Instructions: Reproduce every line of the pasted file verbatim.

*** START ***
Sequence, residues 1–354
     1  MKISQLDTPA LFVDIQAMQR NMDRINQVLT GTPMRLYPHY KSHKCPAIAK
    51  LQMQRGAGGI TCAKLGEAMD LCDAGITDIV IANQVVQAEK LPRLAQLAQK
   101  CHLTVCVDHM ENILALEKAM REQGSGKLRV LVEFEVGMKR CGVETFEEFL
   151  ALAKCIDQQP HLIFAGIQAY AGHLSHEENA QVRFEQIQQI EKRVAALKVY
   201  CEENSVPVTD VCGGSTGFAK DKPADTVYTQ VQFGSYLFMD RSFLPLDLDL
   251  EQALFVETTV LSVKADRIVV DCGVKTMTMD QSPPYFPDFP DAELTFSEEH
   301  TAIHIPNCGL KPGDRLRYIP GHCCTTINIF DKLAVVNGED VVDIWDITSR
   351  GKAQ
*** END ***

Sequence, residues 1–354
     1  MKISQLDTPA LFVDIQAMQR NMDRINQVLT GTPMRLYPHY KSHKCPAIAK
    51  LQMQRGAGGI TCAKLGEAMD LCDAGITDIV IANQVVQAEK LPRLAQLAQK
   101  CHLTVCVDHM ENILALEKAM REQGSGKLRV LVEFEVGMKR CGVETFEEFL
   151  ALAKCIDQQP HLIFAGIQAY AGHLSHEENA QVRFEQIQQI EKRVAALKVY
   201  CEENSVPVTD VCGGSTGFAK DKPADTVYTQ VQFGSYLFMD RSFLPLDLDL
   251  EQALFVETTV LSVKADRIVV DCGVKTMTMD QSPPYFPDFP DAELTFSEEH
   301  TAIHIPNCGL KPGDRLRYIP GHCCTTINIF DKLAVVNGED VVDIWDITSR
   351  GKAQ